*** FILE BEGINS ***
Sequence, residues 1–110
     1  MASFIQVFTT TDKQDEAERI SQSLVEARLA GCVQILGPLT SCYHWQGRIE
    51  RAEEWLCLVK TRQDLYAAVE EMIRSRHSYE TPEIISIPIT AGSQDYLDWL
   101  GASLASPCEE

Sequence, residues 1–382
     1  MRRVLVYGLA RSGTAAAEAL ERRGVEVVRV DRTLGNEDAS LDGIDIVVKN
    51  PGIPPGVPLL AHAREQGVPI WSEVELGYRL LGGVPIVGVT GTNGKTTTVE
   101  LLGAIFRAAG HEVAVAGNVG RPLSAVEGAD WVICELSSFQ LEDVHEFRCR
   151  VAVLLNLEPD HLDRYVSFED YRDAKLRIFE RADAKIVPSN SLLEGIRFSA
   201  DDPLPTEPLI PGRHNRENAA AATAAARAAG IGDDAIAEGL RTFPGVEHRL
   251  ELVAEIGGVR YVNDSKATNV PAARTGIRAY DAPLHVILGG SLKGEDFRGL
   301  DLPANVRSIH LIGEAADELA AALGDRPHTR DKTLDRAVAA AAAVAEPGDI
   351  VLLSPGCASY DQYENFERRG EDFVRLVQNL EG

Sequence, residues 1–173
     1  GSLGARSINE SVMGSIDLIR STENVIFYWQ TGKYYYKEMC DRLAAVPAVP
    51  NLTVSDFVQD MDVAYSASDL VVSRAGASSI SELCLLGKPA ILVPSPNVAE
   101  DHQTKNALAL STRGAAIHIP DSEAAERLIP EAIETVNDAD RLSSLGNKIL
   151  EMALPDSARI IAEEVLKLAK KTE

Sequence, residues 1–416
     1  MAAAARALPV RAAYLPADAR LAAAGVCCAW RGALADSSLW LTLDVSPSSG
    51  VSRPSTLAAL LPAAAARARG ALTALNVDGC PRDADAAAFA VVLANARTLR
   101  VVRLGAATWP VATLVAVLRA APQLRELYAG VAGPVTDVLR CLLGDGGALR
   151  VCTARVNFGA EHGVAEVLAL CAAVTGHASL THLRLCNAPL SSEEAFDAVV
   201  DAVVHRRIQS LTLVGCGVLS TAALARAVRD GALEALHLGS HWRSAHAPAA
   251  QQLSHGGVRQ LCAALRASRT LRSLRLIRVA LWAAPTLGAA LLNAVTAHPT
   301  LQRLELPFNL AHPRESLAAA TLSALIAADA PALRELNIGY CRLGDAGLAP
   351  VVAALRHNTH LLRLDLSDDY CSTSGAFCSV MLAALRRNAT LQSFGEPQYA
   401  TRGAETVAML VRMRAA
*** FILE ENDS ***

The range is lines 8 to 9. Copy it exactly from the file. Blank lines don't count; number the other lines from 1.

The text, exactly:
   101  LLGAIFRAAG HEVAVAGNVG RPLSAVEGAD WVICELSSFQ LEDVHEFRCR
   151  VAVLLNLEPD HLDRYVSFED YRDAKLRIFE RADAKIVPSN SLLEGIRFSA